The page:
THE REPUBLIC OF RICK (2014)

 

Theatrical Poster for THE REPUBLIC OF RICK (2014) - image source: official movie website

Theatrical Poster for THE REPUBLIC OF RICK (2014) – image source: official movie website

I live in the area north of Dallas, Texas. I wasn’t born here. In fact, I didn’t even get here “as fast as I could,” as the saying goes. I’ve lived in Texas for a little over five years as a recession refugee from Southern California. So I missed the entire real-life debacle that is satirized by “The Republic of Rick” (2014), a comedy mockumentary from director Mario Kyprianou, who wrote and produced the screenplay with Becky Leigh (who also appears in the film). After watching the film on Amazon Prime recently, I can say that I’m lucky I wasn’t here when the real-life events spoofed by the film went down. The film itself is hilarious, but its source material is painfully ridiculous – yet great material for a satire.

Rick roleplays Davy Crockett in THE REPUBLIC OF RICK

Rick role-plays Davy Crockett in the Alamo reenactment that opens THE REPUBLIC OF RICK – image source: official movie press kit

Rick Launer (Dave Abed), the lead character in “The Republic of Rick,” is based on Rick McLaren, a real-life Texas secessionist whose exploits in the 1990s form the basis of the film’s story. Kyprianou and Leigh did some serious background research for the script, including touring Texas and even interviewing McLaren, who is currently serving a very long Federal prison sentence. This work clearly paid off for them, as the real-life hijinks of McLaren and his faction are frighteningly comic. Abed does a great job (although sometimes a bit over-the-top) in portraying Launer/McLaren. Likewise, Leigh is charmingly daffy as Launer’s wife, Tandy. While the some of the remaining characters are somewhat flat and stereotypical, standout supporting performances come from Ronnie Lee Steadman as Travis Wunderlich and John Macey as Gary Hobratch.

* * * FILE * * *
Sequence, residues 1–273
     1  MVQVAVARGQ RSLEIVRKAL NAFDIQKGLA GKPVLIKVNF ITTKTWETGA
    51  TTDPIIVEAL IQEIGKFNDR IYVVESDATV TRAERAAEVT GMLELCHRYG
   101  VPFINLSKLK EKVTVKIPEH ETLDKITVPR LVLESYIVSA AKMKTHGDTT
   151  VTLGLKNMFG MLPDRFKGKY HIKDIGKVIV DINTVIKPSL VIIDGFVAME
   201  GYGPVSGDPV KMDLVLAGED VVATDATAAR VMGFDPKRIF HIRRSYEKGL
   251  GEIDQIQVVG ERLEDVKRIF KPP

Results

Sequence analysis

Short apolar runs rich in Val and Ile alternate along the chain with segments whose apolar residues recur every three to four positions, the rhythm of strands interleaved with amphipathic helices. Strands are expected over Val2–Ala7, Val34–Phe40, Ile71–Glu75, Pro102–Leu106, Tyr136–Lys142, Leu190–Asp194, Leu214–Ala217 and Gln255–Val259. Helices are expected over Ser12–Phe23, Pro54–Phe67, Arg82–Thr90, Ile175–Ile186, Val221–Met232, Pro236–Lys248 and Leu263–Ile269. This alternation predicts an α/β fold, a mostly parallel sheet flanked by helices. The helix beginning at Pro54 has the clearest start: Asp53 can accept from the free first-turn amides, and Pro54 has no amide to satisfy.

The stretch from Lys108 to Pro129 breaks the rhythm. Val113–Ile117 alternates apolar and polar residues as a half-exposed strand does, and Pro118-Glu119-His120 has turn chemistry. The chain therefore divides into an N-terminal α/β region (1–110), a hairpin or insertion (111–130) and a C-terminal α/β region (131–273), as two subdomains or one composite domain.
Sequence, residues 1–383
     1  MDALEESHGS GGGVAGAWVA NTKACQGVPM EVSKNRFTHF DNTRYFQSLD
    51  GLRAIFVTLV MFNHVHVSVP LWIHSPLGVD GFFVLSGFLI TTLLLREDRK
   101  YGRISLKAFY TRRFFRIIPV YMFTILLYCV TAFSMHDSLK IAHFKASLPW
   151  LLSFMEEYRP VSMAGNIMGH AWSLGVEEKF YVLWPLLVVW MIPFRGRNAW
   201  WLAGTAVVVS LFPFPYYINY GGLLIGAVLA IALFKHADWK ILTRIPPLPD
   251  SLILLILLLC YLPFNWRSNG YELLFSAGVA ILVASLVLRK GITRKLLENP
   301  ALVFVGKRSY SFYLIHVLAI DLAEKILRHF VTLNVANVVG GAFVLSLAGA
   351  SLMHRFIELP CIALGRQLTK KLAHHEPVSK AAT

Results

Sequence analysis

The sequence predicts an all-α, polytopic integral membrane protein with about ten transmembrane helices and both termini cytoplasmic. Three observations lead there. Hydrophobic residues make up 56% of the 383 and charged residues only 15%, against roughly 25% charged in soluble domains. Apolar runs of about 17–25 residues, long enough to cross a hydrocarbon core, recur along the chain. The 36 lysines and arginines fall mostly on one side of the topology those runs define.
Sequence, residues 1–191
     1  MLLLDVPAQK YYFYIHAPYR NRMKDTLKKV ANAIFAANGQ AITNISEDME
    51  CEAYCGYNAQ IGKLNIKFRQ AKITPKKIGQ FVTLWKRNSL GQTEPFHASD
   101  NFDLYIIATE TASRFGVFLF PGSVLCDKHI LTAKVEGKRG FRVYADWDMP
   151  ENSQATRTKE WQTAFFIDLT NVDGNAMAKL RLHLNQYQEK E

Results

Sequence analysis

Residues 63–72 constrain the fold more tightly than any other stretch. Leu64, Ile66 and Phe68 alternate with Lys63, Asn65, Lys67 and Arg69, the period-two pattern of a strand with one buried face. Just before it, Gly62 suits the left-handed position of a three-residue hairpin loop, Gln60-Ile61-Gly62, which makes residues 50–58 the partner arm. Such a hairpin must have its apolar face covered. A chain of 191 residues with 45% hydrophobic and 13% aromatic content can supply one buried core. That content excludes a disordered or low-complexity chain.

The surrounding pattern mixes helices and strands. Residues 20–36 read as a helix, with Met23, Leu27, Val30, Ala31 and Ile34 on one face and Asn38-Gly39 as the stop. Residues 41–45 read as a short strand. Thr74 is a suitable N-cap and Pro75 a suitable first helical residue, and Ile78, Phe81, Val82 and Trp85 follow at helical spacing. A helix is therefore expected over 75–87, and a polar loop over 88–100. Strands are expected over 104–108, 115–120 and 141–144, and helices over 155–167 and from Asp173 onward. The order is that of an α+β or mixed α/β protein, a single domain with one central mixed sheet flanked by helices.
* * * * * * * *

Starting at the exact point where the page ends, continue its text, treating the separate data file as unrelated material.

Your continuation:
Rick gives an interview outside his "official" Republic of Texas "embassy" in THE REPUBLIC OF RICK

Rick gives an interview outside his “official” Republic of Texas “embassy” – image source: official movie press kit

I’m tempted to say that the production values are average in this film, but that would be short-sighted. “The Republic of Rick” is intended to look like a fringe group’s amateurish attempt at making a documentary. As a mockumentary, the film ends with an epilogue that attempts to connect Rick’s story with an imagined satirical Texas future. This segment doesn’t work as well as the rest of the film, as Texas politics hasn’t gone quite as far-right as it predicts – although Texas is still a very Red state in general (with notable exceptions, such as Austin and Dallas). The depiction of former Governor Rick Perry (AKA “Governor Goodhair”), however, is spot-on.

Rick draws a "line in the sand" for his followers during the final confrontation in THE REPUBLIC OF TEXAS

Rick draws a “line in the sand” for his followers during the final confrontation in THE REPUBLIC OF TEXAS – image source: official movie press kit

At first I had thought to offer additional comments in defense of Texas, but current events have made that impossible. Despite (or perhaps because of) the growing diversity in North Texas, there was the recent police brutality incident in McKinney. Then, on the local TV news today, I learned that there is a “controversy” about a planned Muslim cemetery in Farmersville. Apparently living Muslims are OK here, but only until they die. So, touché, Kyprianou (who is originally from Dallas) and Leigh. Now, I’m going to be working on learning some special Jedi mind tricks. Y’know, something like, “Those aren’t the Muslims you’re looking for.”

This film was a smash hit at the 2014 Slamdance Film Festival. My rating on IMDb: 7/10 stars. If you have already seen or watch this movie in the future, what did you think? Leave your thoughts in the comments below.

Disclosure: Loud Green Bird provided this fair and honest review at the request of Becky Leigh, writer-producer-actor for “The Republic of Rick.” No financial considerations were involved.